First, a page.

A Traumatic Brain Injury (aka TBI) is a change in normal brain function caused by an external force. Changes may include one or more of the following:
  • any period of loss of or a decreased level of consciousness;
  • any loss of memory for events immediately before or after the injury;
  • neurological deficits such as weakness, loss of balance, change in vision, impaired movement (dyspraxia), sensory loss, or a partial or total loss of the ability to articulate ideas or comprehend spoken or written language (aphasia); and/or
  • any alteration in mental state at the time of the injury such as confusion, disorientation, or slowed thinking.

See Resources
Understanding TBI Part 1: What happens to the brain during injury and in the early stages of recovery from TBI?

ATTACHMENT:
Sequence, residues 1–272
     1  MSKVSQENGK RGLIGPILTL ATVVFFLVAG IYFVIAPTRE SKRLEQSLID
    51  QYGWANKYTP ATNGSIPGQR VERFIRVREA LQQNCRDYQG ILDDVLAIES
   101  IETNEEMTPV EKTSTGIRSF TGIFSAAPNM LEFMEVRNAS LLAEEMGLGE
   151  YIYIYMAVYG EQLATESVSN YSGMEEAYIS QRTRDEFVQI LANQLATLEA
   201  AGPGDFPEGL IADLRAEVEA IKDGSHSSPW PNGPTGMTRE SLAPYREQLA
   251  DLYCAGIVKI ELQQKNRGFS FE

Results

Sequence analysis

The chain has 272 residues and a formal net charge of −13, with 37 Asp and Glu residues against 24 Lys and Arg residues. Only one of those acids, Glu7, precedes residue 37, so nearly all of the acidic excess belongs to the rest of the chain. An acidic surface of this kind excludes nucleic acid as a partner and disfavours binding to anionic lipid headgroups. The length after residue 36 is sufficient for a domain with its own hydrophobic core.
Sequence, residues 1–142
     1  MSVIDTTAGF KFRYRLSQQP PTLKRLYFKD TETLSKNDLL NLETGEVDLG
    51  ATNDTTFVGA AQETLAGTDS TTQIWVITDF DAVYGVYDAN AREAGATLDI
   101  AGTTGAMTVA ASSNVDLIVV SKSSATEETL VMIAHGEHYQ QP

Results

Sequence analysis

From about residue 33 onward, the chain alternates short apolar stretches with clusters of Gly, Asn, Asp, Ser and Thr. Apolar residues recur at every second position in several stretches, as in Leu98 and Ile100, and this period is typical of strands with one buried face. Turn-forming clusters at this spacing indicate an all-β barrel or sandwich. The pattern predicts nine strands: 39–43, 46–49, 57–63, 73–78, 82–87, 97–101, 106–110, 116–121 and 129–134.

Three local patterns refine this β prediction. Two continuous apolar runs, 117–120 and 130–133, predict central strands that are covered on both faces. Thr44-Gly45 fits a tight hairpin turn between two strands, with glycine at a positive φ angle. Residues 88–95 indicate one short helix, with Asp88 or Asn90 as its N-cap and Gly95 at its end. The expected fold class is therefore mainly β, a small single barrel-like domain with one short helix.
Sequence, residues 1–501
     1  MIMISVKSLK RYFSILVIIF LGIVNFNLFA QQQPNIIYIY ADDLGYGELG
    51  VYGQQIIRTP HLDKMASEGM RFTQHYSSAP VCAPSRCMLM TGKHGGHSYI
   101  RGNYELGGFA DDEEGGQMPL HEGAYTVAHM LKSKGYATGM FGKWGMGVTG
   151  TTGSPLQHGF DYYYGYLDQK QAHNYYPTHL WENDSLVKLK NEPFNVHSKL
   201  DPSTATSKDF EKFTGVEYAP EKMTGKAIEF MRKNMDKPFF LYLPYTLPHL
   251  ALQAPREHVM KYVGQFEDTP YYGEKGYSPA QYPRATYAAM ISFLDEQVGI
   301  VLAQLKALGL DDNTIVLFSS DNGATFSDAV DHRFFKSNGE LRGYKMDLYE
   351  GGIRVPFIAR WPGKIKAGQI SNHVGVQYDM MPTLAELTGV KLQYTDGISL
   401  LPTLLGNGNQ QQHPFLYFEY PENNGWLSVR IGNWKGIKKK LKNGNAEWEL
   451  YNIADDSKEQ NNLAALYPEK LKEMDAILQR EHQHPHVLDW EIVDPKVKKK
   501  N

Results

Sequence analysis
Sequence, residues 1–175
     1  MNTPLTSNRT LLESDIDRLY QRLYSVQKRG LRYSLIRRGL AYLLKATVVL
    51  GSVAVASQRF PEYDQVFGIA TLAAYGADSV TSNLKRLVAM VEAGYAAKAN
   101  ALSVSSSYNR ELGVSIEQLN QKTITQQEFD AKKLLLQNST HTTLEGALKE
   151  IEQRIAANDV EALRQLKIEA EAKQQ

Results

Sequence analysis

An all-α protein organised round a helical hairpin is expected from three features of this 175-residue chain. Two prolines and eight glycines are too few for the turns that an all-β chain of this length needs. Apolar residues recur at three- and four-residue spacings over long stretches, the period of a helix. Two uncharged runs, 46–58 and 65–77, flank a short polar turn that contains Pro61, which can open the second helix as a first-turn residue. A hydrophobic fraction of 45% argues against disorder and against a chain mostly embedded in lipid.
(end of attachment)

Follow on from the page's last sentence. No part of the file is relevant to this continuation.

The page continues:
This information sheets is written for consumers through a collaboration between the Model Systems Knowledge Translation Center (MSKTC) and the TBI Model Systems of Care. Spanish version (en español)

MEDLINEplus: Head and Brain Injuries
This easy to use website of the National Library of Medicine provides links to articles, research reports, and organizations covering various aspects of head and brain injuries. Some information is available in Spanish.

Traumatic brain injury (TBI) from the Centers for Disease Control and Prevention, National Center for Injury Prevention and Control.

Basics of traumatic brain injury from the Mayo Foundation for Medical Education and Research (MFMER).

Understanding Brain Injury: What you should know about brain injury and recovery
This video uses simple language and images of real people who have sustained a brain injury, as well as medical experts and advocates. Produced by Shepherd Center and KPKinteractive in collaboration with the American Trauma Society, the Brain Injury Association of America and the Christopher & Dana Reeve Foundation.